Is it adrenaline, operating machines, status and admiration, varied physical work, being outdoors, travelling, working in a disciplined environment? What realistic roles or industries could offer you some or all of these criteria?

Repeat this process until you have a shortlist of 3-5 ideas. They don’t have to be specific job titles at this stage – the task is to get your mind moving forwards.


2. Size up your hurdle

Now that you’re scrutinising yourself, take the opportunity to look even closer. Ask yourself this:

What is the main obstacle getting in the way of me choosing a new career?

There are far too many possible answers to this question for one article (watch this space), so here are 3 common hurdles we encounter when we don’t know what job we want, and 3 ways to leap over them.


Don't know what job you want? You might have limited career knowledge. Taking action such as volunteering or retraining can open your mind to new possibilities and make choosing a new career easier.


HURDLE 1: You have a 4-WALLS career

If you’ve ever thought, “There must be something else out there,” you almost certainly have a 4-walls career.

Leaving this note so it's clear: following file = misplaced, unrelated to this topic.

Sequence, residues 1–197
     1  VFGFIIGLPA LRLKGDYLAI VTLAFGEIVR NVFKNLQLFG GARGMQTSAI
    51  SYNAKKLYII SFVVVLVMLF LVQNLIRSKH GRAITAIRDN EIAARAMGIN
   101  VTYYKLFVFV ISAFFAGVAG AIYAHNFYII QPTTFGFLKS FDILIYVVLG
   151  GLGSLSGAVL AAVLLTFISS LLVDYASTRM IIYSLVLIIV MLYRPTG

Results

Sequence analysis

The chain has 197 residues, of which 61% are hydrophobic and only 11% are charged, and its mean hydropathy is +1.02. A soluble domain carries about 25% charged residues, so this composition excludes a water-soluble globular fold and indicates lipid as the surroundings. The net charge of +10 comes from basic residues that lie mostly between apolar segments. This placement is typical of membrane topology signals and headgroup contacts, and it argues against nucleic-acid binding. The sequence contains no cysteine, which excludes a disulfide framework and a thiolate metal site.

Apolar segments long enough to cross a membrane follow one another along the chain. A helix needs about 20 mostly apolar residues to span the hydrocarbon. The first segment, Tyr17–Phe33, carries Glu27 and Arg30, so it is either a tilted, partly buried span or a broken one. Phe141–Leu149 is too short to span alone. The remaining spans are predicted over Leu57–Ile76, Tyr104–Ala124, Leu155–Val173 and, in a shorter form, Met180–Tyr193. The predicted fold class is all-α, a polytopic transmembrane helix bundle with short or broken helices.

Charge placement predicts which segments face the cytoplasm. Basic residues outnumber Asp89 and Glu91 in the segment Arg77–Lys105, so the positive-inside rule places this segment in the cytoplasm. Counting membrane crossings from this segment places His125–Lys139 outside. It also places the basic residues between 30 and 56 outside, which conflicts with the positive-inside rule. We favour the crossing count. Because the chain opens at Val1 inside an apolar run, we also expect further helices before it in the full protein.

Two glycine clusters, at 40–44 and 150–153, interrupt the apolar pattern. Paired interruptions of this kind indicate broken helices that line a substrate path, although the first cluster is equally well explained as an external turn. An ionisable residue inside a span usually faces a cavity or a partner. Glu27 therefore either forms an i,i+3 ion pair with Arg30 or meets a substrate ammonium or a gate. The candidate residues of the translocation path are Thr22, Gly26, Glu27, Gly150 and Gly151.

This occurs if you’ve always done the same kind of role, or never moved industry. You’re likely to have a highly developed skillset and admirable experience within your sector. But the disadvantage is that your experience has built four solid walls around you, and it can seem impossible to step outside them or even to know what lies beyond. So it’s perfectly understandable that, although you need a career change, you don’t know what do to with your life – after all, you’ve only ever done one kind of thing! You might catch occasional glimpses of the wider world through the windows, but you never see enough to know if it’s worth walking out the door.

Leap 1: Step outside